Marketing Under the Information Age

When I started writing this post I was decided to title it “Marketing 2.0”. But then I started wondering: aren’t pretty much everything on the Internet today named 2.0? It looks like that if you have a name or an idea lacking credibility, coolness or innovativeness you can just add 2.0 to it and be set. Check out the number of results I gathered searching some “2.0 terms”:

  • “Business 2.0” – 6.740.000 results
  • “Marketing 2.0” – 122.000 results
  • “Management 2.0” – 117.000 results
  • “Network 2.0” – 63.100 results
  • “Technology 2.0” – 97.300 results

Anyway. The information age is changing most activities in our society, and marketing is no exception. Internet and new media are creating different ways for people to communicate, work and live. The question then becomes: how can marketers revise their strategy to embrace those innovations? Below I provide the top 5 marketing trends under the information age:

  1. Go for the niche: (or as Guy Kawasaki puts it “Niche Thyself”) in the past mass marketing was the rule because identifying and serving small groups of clients with particular interests or needs was a time-consuming and costly process. The improvements in Information and Communication Technology and the advent of Internet, however, now enable companies to efficiently address small and specific markets.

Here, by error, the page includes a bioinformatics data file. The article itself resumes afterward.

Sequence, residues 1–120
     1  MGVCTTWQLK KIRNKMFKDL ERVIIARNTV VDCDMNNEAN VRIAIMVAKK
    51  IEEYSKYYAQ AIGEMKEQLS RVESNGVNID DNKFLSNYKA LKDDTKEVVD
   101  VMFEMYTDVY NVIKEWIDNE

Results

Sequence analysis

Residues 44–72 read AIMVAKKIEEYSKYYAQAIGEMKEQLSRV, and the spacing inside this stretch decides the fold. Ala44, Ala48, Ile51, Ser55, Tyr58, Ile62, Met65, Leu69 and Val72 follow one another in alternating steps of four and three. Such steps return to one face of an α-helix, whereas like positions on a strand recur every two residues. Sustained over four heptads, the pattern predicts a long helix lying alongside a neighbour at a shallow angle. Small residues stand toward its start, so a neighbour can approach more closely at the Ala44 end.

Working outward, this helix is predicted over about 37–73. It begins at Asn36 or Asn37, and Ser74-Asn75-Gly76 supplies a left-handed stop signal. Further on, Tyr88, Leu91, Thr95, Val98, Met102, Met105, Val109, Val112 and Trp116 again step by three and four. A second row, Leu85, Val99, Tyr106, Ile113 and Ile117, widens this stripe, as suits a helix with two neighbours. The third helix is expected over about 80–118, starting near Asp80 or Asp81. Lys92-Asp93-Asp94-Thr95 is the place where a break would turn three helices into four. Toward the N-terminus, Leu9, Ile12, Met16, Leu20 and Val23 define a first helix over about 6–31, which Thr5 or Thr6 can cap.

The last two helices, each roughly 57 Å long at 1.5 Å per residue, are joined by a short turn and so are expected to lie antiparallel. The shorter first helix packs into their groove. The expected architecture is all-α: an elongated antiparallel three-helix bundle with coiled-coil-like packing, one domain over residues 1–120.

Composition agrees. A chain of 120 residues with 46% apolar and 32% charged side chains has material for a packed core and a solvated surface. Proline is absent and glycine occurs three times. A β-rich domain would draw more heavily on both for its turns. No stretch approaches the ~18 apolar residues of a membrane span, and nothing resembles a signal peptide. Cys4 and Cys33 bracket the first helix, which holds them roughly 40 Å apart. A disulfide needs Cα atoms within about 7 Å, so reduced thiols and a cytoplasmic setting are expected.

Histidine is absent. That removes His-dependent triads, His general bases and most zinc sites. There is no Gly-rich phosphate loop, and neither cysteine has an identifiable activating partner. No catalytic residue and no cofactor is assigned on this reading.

2. Focus on relationships: companies need to value the relationship with the customer and not only the sale itself. Someone exclusively interested in selling might try to elude the consumer with non-relevant products. If you care for the relationship, on the other hand, you will make sure you are been transparent and providing real value for your client.
  3. Rely on word of mouth: the widespread of blogs, wikis and social networks empowered “word of mouth” as an advertising model. Consumers are changing the way they collect and interpret information, often times a referral from a peer can be more influential than a television spot.
  4. Measure with ROI – Return on Influence: if the market changes, the way you measure your performance must change as well. When companies adopt innovations such as corporate blogging or podcasting they should measure the results with “Return on Influence” rather than “Return on Investment”.
  5. Use IIC advertising: the sooner companies start developing Intelligent, Interactive and Converged advertisings the higher their chances of success. Intelligent advertising creates the right message, at the right time, for the right customer. Interactive means the consumer should be able to interact with the advertising itself. Converged involves delivering the message in the most suitable form – text, audio, video or any combination of them – independently of the device the customer is using.

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